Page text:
Is your furniture faded? Have you ever gotten sunburn sitting indoors in your favorite reading chair? Do you want to enjoy the warmth of the sun without being harmed by damaging UV rays?
If you answered yes to any of these questions, you (and your home) would benefit from replacing your current windows with Infinity® replacement windows installed by Callen. Infinity from Marvin Fiberglass replacement windows feature Low-E (low emissive) energy-efficient glass, which helps block heat as well as damaging UV rays.
The Down-Low on Infinity® Low-E Window Glass
In order to make them as energy-efficient as possible, Infinity windows include Low-E glass manufactured with microscopic metallic coatings, allowing natural light to pass through while blocking heat and harmful UV rays, all without blocking visible light. The extremely thin coatings are applied to the inside layer of the insulating glass. The different glass options are Low E1, Low E2, Low E3 and Low E3/ERS. Infinity’s Low E3/ERS glass is the most energy-efficient glass option available because it has four layers of metallic Low-E coating.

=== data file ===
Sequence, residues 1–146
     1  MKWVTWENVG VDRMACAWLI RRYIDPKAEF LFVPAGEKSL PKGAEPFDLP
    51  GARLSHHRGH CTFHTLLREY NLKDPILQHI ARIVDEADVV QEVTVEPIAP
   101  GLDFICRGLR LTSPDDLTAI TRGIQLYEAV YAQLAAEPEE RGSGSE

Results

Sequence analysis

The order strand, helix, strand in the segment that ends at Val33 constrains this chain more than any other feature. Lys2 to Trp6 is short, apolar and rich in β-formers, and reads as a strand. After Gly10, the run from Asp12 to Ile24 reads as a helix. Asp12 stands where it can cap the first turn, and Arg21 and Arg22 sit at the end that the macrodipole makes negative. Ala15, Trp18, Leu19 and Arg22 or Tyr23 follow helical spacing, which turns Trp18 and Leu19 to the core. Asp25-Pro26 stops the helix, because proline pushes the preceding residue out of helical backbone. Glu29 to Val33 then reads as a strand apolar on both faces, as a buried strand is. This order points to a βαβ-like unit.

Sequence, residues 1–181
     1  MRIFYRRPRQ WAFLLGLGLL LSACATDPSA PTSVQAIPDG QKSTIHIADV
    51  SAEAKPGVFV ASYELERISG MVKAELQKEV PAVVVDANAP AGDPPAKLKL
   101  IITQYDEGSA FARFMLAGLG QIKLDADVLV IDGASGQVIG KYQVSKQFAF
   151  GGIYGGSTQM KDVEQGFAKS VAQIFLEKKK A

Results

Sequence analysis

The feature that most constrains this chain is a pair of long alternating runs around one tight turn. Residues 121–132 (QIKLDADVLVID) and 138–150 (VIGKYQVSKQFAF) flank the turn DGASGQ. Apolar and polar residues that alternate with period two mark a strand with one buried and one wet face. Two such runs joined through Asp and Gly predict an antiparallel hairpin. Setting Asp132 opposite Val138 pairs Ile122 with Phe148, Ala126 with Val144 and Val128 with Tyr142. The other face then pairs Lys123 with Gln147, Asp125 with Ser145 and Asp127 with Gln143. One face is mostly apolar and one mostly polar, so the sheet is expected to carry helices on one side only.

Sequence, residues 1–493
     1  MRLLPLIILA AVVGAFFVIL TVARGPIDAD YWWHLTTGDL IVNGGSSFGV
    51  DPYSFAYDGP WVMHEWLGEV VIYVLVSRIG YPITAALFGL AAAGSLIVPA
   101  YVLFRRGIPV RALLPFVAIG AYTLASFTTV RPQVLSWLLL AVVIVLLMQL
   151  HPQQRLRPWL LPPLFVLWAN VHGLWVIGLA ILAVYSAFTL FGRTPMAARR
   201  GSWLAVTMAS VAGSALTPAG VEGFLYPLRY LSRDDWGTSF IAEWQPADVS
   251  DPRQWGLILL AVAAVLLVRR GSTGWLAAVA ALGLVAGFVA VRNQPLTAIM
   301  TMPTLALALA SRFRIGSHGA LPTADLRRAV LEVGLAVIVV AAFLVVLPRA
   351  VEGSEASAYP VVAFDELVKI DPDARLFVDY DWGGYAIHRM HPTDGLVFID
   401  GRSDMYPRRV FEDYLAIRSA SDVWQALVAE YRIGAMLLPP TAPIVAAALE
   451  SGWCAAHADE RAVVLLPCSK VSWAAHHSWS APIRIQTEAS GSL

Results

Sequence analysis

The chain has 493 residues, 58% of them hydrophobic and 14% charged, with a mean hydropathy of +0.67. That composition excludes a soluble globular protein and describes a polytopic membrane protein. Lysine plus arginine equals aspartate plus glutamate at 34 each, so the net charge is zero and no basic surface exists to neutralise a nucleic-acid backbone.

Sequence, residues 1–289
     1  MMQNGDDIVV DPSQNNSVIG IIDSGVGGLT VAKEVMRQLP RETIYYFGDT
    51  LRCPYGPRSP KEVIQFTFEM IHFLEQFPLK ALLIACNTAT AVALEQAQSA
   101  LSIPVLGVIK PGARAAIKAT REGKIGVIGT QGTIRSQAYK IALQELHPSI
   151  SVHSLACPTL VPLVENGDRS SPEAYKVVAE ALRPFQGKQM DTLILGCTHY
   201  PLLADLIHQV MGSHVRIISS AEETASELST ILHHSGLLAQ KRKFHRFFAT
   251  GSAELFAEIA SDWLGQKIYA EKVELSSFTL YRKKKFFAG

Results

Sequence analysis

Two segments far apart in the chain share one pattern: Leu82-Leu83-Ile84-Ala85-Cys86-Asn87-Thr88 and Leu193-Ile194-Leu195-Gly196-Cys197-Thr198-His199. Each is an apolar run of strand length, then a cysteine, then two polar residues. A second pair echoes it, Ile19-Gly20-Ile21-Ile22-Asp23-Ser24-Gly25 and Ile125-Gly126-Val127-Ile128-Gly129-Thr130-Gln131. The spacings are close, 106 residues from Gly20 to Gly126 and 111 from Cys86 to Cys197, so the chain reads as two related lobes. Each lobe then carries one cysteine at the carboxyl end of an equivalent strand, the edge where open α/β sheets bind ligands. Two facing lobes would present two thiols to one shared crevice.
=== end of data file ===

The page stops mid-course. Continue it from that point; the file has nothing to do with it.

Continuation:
High-performance Low E3 lass has been rated to be 70% more efficient in the summer and 45% more energy-efficient in the winter. This glass also blocks 95% of harmful UV radiation, which is what causes carpet, furniture, drapery, and artwork to fade. On occasion, UV rays can even cause a sunburn if a homeowner were to relax indoors too near an unprotected window.
Energy-Efficient Window Glass Performance
The following are three factors used to measure insulated window glass energy efficiency:
- Solar Heat Gain: The Solar Heat Gain Coefficient (SHGC) measures how much heat from the sun enters a house. The lower the number, the less heat the window lets in. While a lower SHGC is preferable if you have high cooling costs in the summer, in colder climates, a higher SHGC can help keep the home warm in the winter.
- U-Factor: This is a measurement of how well a window keeps heat inside the house. While a higher number indicates that more heat will escape, a lower number means that less heat will leak out. In a colder climate, look for a low U-factor.
- Visible Transmittance (VT): Measuring the amount of visible light that passes through window glass, a high VT maximizes daylight.